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Lifter help


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Hello folks

As posted previously I think I have a stuck lifter in my 63 Buick Electra engine.  After some listening and reviewing the factory manual etc I'm pretty sure that's what I'm hearing.

Anyone have tips on how to identify which lifter is /are bad ? 



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Remove the valve cover and use something (e.g., wooden dowel, butt of a wooden hammer handle, etc.) to push on the tip of the rocker arm at the valve stem as the engine idles.  Identify any that stop tapping (i.e., become quiet) when you take-up the lash.

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Get or make a mechanic stethoscope.  Then listen on top of the valve covers to decide which side the problem is on, then listen on top of each rocker to hone in. 


A stethoscope can be a long screwdriver.  You hold the handle against your ear and place the blade where you want to listen

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Thanks guys.  I'll give these suggestions a shot.

I've tried the Rislone treatment but no improvement.  I also tried the suggestion in the manual of rapping on the rocker arm ends. That seemed to quieten it temporarily but it came back. Now I'm second guessing myself if the rap with the rubber hammer did in fact quieten it or not ... Of course I guess the cam could be rubbed...

Once I identify the lifter that's stuck is it fairly straightforward to remove, inspect and clean it ?

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Noises can be flaky to discern where they are coming from.  I would suspect that if a lifter is sticking, the engine would have less power under load, as the valve is not moving open as much.  Which could mean that rather than worry about noises (especially valve train "ticks"!), putting the transmission in gear, loading the engine against a firmly-applied foot brake, then watching the rpm on a tach with each consistent application of accel pedal, to determine which cyl or cyls are not contributing their fair amount, by lesser rpm drop when the plug wire is unhooked from the particular cylinder.  A shade tree method of doing a "cylinder balance test".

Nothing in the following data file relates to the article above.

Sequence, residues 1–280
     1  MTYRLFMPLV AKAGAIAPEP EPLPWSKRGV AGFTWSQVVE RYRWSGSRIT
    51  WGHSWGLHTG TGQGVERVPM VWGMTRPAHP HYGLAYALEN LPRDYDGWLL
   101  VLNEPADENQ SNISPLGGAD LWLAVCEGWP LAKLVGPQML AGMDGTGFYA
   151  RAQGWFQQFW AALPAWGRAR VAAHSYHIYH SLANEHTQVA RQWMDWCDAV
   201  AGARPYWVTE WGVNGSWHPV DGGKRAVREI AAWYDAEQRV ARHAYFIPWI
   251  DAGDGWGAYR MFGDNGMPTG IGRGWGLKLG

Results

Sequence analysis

At the "valve end" of things, rather than the lifter, you are checking the valve guide to valve stem clearance, which can also cause a ticking.   If the valve lifter has restricted movement, then I would suspect the pushrod would not be moving quite so much?  Generally, when the valve guides start to wear, valve stem seal-related oil consumption can increase as can the probability of a "burnt valve" from such wear.


If you are seeking to clean things up, do one oil change with Mobil1 synthetic motor oil.  Remember "esters" from high school chemistry?  They also dissolve sludge in motors.  Mobil1 apparently has those chemicals in their motor oil, according to GM.  Might be worth a try.  Agreed, NONE of the engine cleaner-uppers will work immediately, but over several thousand miles.  


I used to use the old Stewart-Warner CD-2 cleaner additive in the 1970s, on a car or so that I bought.  With a fresh oil change, I'd add one pint can.  When the oil got low the first time, another 1 pint can.  Then when the oil got low again, I'd change the oil and the rocker shafts were very clean (when viewed through the oil filler hole).  A pint of Berryman's B-12 would probably have worked, too, being that it's basically a varnish remover.


In the mean time, drive the car and enjoy it.  Things like "ticks" might be a part of the character of an older vehicle, but it might possibly take some refreshed machine work to really get rid of it.


Happy Holidays!


Edited by NTX5467 (see edit history)
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29 minutes ago, Electra63 said:


Thanks for the additional information.

Indeed I've been ignoring the tick and enjoying driving the car. 

I'm just concerned whether it could cause further issues if I leave it as is for the longer term 

Happy Holidays to you too !

As a side note, a small exhaust leak between the head and exhaust manifold will mimic a tapping valve.  Purchase a stethoscope at the auto parts store. These do work well in hearing tapping, grinding and any other sounds that are probably expensive to repair. 

Edited by avgwarhawk (see edit history)
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